Deals

Matthew Brooker is an editor with Bloomberg Gadfly. He previously was an Opening Line columnist, an editor and a bureau chief for Bloomberg News. Before joining Bloomberg, he worked for the South China Morning Post. He is a CFA charterholder.

This was a defeat foretold. Companies with an excess of cash on their balance sheets often become takeover targets. Rarely, however, are shareholders offered so little to exchange their holdings.

Cheung Kong Infrastructure's all-stock bid for Power Assets Holdings was at a premium of only 1.8 percent when announced in September. A subsequent increase in the proposed share-exchange ratio to 1.066 from 1.04 failed to impress.

The $12.4 billion deal had plenty of strategic logic but was never able to overcome suspicions that it was tilted in favor of CKI and, by extension, its controlling shareholder, Hong Kong's pre-eminent business tycoon and richest man, Li Ka-shing.

The votes at yesterday's meeting tell the story. More than 99.9 percent of CKI shareholders voted in favor. Over at Power Assets, only 50.8 percent of independent shareholders supported the deal, well short of the 75 percent threshold required.

Proxy advisers Institutional Shareholder Services and Glass Lewis both had recommended Power Assets investors vote against the offer, calling it too low. Brokerage CLSA said it was ``almost impossible'' for the offer to pass unless it was sweetened further.

Besides the disputed exchange ratio, there was the issue of the special dividend. CKI proposed a HK$5 (65 cents) payout, subsequently raised to HK$7.50, conditional on the offer being approved. Power Assets shareholders, not unreasonably, questioned why CKI investors should share in a dividend being funded by their company's $8.7 billion cash pile, arguing that the payout should be made before rather than after the takeover.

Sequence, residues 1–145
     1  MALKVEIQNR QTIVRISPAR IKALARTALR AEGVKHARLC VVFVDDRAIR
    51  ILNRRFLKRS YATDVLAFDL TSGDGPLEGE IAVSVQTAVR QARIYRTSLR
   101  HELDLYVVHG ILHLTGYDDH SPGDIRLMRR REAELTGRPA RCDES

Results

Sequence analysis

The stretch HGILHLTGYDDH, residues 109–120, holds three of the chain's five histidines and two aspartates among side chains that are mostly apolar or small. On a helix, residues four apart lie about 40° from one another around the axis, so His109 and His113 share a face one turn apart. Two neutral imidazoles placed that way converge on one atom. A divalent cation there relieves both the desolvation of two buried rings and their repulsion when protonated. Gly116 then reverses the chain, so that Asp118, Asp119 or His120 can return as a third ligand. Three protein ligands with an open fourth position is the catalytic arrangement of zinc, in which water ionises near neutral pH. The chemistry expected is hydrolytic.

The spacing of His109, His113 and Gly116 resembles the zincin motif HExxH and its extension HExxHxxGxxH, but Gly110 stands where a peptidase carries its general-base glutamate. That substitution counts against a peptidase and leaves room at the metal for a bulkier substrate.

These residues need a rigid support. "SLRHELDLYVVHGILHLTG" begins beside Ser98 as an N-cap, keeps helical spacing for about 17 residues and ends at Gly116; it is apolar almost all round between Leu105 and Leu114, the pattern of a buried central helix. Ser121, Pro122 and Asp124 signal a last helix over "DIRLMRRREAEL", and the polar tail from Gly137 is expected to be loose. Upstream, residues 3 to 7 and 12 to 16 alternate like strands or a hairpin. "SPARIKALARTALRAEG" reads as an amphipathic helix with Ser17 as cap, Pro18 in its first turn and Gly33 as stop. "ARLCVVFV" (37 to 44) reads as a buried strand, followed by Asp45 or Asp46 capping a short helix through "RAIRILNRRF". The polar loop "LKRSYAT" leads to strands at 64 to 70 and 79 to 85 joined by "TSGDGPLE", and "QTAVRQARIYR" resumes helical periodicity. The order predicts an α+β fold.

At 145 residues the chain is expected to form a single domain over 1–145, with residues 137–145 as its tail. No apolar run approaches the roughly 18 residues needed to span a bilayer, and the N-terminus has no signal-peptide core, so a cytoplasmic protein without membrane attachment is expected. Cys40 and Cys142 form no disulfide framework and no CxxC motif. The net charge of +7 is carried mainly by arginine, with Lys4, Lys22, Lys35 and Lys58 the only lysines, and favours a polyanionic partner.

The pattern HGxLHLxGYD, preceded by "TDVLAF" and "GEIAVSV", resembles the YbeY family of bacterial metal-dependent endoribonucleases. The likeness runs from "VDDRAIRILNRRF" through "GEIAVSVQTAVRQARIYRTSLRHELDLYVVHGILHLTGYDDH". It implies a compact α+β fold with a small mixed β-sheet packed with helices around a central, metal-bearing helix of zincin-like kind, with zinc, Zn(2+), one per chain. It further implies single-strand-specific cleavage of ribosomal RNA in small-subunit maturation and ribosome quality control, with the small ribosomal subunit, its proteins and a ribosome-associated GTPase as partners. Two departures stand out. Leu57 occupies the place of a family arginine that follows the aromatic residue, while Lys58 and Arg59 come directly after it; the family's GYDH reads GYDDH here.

Electric Piggy Bank
Power Assets Holdings Net Debt, HK$
Bloomberg data

This proposal directly benefited the controlling shareholder. Li's flagship, CK Hutchison, owns about 76 percent of CKI, which in turn holds about 39 percent of Power Assets.  A HK$7.50 dividend paid by Power Assets would have meant about HK$6.2 billion flowing to CKI. Post-takeover, the same dividend paid by CKI would have meant about HK$14 billion going directly to CK Hutchison.

Given the lay of the land, the mystery is why the companies pushed ahead with yesterday's shareholder votes without a sweetened offer. While both expressed disappointment with the outcome, they can't have been surprised.

While Power Assets shares dropped 5.4 percent when the market opened, minority shareholders will be glad to have held on to their cash and will renew pressure for the company to pay a special dividend. It may be too early for them to celebrate. Yesterday's meetings are a rare reversal for Li, who like most Hong Kong corporate titans is accustomed to controlling his companies with a minimum of interference from minorities. 

Show Us the Money
Cheung Kong Infrastructure's leverage has risen
Bloomberg Intelligence

Yet the 87-year-old remains the effective controlling shareholder of Power Assets, and in a position to direct the company's strategy. The takeover was designed to strengthen CKI's over-leveraged balance sheet so that the combined company could pursue global acquisitions in energy, transport, water and other infrastructure assets. An alternative would be for Power Assets to pursue such deals on its own, at least for the next 12 months (until another takeover offer could be made.) Religare, a brokerage, has cited the National Grid's U.K. gas-distribution business as a possible target. Keep watching.

This column does not necessarily reflect the opinion of Bloomberg LP and its owners.

To contact the author of this story:
Matthew Brooker in Hong Kong at mbrooker1@bloomberg.net

To contact the editor responsible for this story:
Paul Sillitoe at psillitoe@bloomberg.net